7/27/2020 10:27:52 AM
By Moriah Boggers and Jim Beaugez
Properly trimming deer shooting lanes is not as simple as bush hogging any old space on your land. Remaining well concealed is just as important as where you clear the lanes and ensuring you have a clean shot.
If you are serious about deer hunting, it is time to get serious about learning how to take advantage of your habitat and creating expert-level shooting lanes. Here are some tips for improving deer shooting lanes in the offseason:
To find the deer, follow the food
Naturally, it is best to create shot opportunities where the deer are going to be. Pick a spot to hunt based on food and how much deer activity you see, either in evidence like rubs and scrapes or on a trail camera. Then, select your spot to hunt. There is a big distinction that needs to be made here: Are you hunting for a spot where you could see a long way, or are you hunting for a spot where you are going to be close to deer?
Choosing the right overhead cover is key
The name of the game is to give yourself the maximum possible visibility while remaining invisible to deer. Start by selecting a tree with a lot of cover, and then pick where you want to take your shots. You want a tree that is big enough to hide your silhouette, such as an oak or a tree with multiple branches high up that you can intermix with, so you are not just a blob hanging off the side of a pine tree.
Pinch points are productive
Many hunters pursue deer from the ground as well as from tree stands. But regardless of how you hunt, locating pinch points will serve you well. Tree lines that lead to changes in topography are excellent spots to scout for activity. In a rut hunting scenario, when you know the deer are pinched down into a particular area — say there are a couple of sloughs or oxbows — look at where you can set up and have deer within range of your bow or rifle.
Multiple spots increase your odds
Make sure your tree and bush trimming serves a purpose, based on where you think the deer will walk. Whether you are on the ground or up in a tree, you do not want to trim everything that leads to you, because that defeats the purpose.
One solution is to trim gaps between your hunting position and the game trail. For example, if you are set up perpendicular to a trail so the deer will hypothetically walk past you at 30 yards, then in that 30-yard span you would trim maybe three or four spots where you know deer are going to walk. This will give more opportunities. You always want to have a backup spot because if you are hunting during the rut and a buck comes running through and you only have one shooting lane prepared, it is very possible he will sneak right by you.
Hunting with a bow presents unique challenges
Many hunters welcome the challenge of hunting with a compound bow. If you are one of them, you will need to approach how and where you build shooting lanes differently.
With a bow, you need enough room to get a full draw, so it is smart to think about creating shot opportunities on either side of an object, like a tree. When the deer is walking behind the tree you can pull to a full draw, and when he steps into your shooting lane it all works together perfectly. Plus, you will not be stuck holding your bow at full draw for a minute, or having to draw while that deer is out in the open.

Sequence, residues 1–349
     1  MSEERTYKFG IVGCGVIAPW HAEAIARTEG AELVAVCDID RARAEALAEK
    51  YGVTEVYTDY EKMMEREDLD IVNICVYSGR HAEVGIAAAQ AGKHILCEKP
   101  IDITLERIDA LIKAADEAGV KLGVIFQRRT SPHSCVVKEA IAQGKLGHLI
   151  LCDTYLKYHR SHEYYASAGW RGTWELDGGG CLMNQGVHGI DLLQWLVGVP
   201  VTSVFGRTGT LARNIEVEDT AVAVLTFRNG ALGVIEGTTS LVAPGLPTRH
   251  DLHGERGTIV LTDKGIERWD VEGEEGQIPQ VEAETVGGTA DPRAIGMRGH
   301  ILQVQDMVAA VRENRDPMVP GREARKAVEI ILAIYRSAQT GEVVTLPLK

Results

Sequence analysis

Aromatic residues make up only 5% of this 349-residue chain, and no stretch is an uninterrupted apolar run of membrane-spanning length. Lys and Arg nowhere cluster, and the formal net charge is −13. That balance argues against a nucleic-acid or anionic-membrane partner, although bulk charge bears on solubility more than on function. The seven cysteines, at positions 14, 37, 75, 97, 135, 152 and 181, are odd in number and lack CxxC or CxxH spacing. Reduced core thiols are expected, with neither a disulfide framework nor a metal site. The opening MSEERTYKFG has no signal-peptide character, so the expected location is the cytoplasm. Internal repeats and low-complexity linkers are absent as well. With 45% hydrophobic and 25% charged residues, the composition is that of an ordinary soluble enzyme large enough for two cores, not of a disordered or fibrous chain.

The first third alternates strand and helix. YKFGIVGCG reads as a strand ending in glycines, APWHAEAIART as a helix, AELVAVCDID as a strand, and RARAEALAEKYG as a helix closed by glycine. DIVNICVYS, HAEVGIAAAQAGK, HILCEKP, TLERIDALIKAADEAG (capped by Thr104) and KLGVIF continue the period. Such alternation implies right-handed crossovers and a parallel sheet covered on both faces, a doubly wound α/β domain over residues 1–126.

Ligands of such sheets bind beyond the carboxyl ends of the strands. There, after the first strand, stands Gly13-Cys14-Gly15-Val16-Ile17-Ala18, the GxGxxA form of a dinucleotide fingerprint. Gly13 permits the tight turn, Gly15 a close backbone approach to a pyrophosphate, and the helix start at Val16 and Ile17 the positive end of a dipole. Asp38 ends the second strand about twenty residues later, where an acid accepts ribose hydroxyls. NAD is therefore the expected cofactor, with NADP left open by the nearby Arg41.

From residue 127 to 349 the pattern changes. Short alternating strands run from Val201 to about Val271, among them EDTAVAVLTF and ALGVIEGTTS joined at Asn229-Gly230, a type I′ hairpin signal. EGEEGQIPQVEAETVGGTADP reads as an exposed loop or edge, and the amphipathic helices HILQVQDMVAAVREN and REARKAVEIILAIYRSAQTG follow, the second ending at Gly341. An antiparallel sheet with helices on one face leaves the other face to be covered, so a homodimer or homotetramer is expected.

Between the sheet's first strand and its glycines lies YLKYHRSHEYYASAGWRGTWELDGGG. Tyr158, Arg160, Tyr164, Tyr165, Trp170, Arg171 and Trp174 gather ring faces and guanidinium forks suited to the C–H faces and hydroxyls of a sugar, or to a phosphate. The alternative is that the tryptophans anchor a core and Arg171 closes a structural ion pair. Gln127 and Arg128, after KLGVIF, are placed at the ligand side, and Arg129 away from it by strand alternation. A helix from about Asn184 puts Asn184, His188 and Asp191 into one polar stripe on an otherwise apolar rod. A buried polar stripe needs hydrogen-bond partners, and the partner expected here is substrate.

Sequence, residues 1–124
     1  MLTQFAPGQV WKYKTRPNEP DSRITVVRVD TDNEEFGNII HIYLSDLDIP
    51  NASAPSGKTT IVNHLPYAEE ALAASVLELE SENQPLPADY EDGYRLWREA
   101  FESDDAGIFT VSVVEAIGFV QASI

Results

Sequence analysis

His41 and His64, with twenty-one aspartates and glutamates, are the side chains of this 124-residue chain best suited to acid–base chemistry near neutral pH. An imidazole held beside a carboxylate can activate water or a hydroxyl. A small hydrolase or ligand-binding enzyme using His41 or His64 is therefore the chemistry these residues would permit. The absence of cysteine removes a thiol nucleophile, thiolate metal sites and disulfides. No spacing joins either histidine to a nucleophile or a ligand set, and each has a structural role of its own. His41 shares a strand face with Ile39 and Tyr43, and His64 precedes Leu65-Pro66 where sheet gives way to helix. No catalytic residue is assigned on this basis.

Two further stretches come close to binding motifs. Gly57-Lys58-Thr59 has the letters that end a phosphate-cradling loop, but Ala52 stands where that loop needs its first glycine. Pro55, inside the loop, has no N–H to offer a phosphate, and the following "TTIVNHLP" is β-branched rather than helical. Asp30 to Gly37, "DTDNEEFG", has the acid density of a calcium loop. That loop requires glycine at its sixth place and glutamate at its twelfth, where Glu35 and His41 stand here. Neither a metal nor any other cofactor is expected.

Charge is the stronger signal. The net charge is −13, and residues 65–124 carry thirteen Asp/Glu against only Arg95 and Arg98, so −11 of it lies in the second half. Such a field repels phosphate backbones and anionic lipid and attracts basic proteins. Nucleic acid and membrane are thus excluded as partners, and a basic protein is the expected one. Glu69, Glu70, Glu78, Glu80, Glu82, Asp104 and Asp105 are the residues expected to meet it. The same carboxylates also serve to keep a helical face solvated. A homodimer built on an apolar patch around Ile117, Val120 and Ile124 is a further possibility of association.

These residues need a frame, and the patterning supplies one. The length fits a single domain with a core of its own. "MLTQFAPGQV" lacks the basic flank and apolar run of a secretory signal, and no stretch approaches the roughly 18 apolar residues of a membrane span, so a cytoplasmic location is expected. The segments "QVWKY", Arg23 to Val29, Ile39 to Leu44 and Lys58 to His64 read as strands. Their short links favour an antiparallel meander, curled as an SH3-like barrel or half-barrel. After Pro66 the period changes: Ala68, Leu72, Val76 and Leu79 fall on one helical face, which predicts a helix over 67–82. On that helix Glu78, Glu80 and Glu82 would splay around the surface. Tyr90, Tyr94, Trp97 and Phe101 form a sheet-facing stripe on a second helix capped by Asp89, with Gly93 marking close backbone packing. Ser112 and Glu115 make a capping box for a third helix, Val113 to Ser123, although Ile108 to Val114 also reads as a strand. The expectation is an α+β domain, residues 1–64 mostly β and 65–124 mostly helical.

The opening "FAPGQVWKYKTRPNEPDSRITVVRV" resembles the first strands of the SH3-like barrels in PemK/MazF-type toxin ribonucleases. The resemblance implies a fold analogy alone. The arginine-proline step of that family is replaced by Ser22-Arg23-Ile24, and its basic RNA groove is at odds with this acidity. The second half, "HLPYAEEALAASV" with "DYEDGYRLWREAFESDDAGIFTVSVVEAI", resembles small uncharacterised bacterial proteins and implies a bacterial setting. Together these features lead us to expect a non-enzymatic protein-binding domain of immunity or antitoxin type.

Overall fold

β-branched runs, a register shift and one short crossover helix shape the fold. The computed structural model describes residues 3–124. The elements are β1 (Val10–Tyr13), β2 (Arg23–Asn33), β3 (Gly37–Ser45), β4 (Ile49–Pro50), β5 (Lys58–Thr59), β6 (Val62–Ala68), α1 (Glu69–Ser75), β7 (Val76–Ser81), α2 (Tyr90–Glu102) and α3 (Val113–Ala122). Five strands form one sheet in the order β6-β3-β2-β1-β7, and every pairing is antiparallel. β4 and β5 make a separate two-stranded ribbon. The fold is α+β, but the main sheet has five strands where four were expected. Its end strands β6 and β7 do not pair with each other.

When hunting with a gun, you can open up the woods more. You still need to retain that cover near you, so you have some concealment, but then farther out you can open up shooting lanes more. However, with a gun it is a lot easier to slip your shot through a small opening, so you can definitely create little pockets.
Cutting trees can create a new food source
Often, out of curiosity, deer will walk right up to a dropped tree and smell it, and maybe browse any new growth. A smart hunter can definitely use that to his or her advantage. If you clear your shooting lanes in summer and cut down small trees, anything from 1 to 10 inches in diameter, will resprout from the stump. That is nutritious and highly attractive to deer, so you can actually create a small food source within your shooting lane. Consider this as two birds with one stone just by cutting the trees.
Everything you cut can be reused
The leftover tree tops and branches can be used to construct a blind. If you are in a tree stand or on the ground and there is an opening in front of you, you can take those tree tops and fashion a sort of wall. If you build that obstacle to 15 to 20 yards out, that is just enough to keep deer at a safe arm’s distance. They will not end up walking right up in your lap and smelling where you walked, or happen to see you because they are so close.
Do not worry about spooking the deer
Deer are constantly in a world of change, whether from fire or any other natural disturbance, like a wind storm. Trees are constantly getting blown down around them. Trees that have been cut down are not suspicious to deer. However, if you open up an area and cut down every tree within 40 or 50 yards of your stand, you have created a different habitat, which will affect how deer react to it.
As a parting rule of thumb, something all hunters should keep in mind — whether you are clearing a lane on private land or scouting a location on a public WMA — you can see a long way in the desert, but it does not mean animals are there.
Jim Beaugez is a freelance writer for Mississippi Outdoors. Moriah Boggess is a graduate student at the Mississippi State University Deer Lab.